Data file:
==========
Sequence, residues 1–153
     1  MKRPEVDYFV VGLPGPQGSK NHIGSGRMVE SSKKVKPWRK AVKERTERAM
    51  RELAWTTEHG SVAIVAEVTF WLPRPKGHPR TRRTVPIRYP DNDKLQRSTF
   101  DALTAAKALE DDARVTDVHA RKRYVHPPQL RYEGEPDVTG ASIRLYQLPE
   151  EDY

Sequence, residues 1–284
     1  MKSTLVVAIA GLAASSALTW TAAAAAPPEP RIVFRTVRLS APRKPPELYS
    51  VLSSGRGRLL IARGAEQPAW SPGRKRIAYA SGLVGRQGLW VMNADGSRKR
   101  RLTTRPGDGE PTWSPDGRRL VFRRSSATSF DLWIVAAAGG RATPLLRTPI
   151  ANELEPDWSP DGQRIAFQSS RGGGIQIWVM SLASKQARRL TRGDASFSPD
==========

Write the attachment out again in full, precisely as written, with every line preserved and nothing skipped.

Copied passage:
Sequence, residues 1–153
     1  MKRPEVDYFV VGLPGPQGSK NHIGSGRMVE SSKKVKPWRK AVKERTERAM
    51  RELAWTTEHG SVAIVAEVTF WLPRPKGHPR TRRTVPIRYP DNDKLQRSTF
   101  DALTAAKALE DDARVTDVHA RKRYVHPPQL RYEGEPDVTG ASIRLYQLPE
   151  EDY

Sequence, residues 1–284
     1  MKSTLVVAIA GLAASSALTW TAAAAAPPEP RIVFRTVRLS APRKPPELYS
    51  VLSSGRGRLL IARGAEQPAW SPGRKRIAYA SGLVGRQGLW VMNADGSRKR
   101  RLTTRPGDGE PTWSPDGRRL VFRRSSATSF DLWIVAAAGG RATPLLRTPI
   151  ANELEPDWSP DGQRIAFQSS RGGGIQIWVM SLASKQARRL TRGDASFSPD